Google has a new Webmaster Help video out talking about how it looks at quality of content that doesn't have many links pointing to it.
Specifically, Matt Cutts takes on the following question:
How does Google determine quality content if there aren't a lot of links to a post?
"In general, that sort of reverts back to the way search engines were before links," he says. "You're pretty much judging based on the text on the page. Google has a lot of stuff to sort of say OK, the first time we see a word on a page, count it a little bit more. The next time, a little more, but not a ton more. And that after a while, we say, 'You know what? We've seen this word. Maybe this page is about this topic,' but it doesn't really help you to keep repeating that keyword over and over and over again. In fact, at some point, we might view that as keyword stuffing, and then the page would actually do less well - not as well as just a moderate number of mentions of a particular piece of text."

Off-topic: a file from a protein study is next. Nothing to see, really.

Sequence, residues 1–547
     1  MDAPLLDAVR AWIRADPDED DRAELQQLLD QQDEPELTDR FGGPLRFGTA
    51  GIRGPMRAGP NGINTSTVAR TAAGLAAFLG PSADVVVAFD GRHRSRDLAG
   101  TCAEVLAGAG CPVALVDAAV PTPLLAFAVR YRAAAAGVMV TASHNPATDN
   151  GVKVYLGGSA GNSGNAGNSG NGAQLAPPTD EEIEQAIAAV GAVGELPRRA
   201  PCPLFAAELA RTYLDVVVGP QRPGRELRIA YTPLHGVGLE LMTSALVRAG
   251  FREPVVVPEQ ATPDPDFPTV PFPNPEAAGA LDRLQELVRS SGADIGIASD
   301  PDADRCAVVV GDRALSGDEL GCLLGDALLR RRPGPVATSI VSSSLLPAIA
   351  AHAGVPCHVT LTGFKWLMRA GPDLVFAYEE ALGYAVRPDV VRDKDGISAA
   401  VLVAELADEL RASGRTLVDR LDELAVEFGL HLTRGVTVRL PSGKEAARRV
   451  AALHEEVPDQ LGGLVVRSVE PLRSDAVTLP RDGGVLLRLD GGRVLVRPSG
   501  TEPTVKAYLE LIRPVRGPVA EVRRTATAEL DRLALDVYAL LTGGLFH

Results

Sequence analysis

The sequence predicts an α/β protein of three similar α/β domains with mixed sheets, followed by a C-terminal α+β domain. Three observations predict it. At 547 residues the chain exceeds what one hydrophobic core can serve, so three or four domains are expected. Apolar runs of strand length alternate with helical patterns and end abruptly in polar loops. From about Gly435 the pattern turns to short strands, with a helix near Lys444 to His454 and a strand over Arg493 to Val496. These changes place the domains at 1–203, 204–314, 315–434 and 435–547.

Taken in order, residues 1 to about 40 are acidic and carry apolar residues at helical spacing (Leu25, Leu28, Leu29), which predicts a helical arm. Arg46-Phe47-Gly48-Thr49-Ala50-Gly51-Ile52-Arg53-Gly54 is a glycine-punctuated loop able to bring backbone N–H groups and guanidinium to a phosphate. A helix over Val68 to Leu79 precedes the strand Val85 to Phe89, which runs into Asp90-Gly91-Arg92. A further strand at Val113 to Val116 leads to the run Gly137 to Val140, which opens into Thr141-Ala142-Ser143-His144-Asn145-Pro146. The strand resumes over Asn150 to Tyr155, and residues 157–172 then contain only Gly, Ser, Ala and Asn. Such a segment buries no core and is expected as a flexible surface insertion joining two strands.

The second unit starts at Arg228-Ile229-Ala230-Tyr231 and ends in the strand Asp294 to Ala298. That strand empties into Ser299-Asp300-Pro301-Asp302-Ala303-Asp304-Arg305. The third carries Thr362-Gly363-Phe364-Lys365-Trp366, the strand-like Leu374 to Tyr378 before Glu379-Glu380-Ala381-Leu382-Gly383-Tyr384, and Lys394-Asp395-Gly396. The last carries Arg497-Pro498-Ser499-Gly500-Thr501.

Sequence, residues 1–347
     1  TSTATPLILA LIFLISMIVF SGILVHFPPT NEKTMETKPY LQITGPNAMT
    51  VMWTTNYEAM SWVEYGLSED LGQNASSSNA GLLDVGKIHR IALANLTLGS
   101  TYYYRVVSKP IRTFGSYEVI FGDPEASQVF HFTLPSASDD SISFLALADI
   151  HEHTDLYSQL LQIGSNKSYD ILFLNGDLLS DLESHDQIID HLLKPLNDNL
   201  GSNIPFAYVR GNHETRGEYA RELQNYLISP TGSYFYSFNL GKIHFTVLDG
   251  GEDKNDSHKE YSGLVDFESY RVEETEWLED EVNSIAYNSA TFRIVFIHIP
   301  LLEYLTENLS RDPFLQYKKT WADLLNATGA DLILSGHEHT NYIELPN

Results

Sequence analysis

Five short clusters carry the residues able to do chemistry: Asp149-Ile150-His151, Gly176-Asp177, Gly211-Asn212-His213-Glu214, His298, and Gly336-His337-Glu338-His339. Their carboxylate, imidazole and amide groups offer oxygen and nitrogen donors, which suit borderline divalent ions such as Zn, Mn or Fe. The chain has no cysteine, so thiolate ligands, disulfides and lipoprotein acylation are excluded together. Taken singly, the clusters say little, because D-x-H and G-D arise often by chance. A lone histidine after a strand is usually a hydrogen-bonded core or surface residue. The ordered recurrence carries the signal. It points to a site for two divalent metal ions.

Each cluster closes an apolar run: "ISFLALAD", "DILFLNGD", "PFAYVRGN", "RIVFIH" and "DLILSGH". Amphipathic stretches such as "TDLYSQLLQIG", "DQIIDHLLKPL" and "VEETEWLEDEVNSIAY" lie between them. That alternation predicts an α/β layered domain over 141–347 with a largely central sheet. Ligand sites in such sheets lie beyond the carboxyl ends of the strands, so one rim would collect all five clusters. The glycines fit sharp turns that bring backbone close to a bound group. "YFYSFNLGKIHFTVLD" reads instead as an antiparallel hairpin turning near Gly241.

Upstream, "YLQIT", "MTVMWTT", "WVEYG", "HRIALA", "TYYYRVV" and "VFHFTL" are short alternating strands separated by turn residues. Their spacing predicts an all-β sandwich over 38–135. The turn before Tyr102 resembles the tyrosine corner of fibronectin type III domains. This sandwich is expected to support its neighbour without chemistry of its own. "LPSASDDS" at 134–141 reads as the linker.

He continues, "We do have other ways. In theory we could say, 'Well, does it sit on a domain that seems to be somewhat reputable? There are different ways you can try to assess the quality of content, but typically, if you go back to a user is typing possibly some really rare phrase, if there are no other pages on the web that have that particular phrase, even if there's not that any links, then that page can be returned because we think it might be relevant. It might be topical to what the user is looking for. It can be kind of tough, but at that point, we sort of have to fall back, and assess based on the quality of the content that's actually on the text - that's actually on the page."
A few years ago, after the Panda update was first launched, Google shared a list of questions one could ask themselves about their content to get an idea of how Google might view it in terms of quality. You might want to check that out if you haven't yet.
Image via YouTube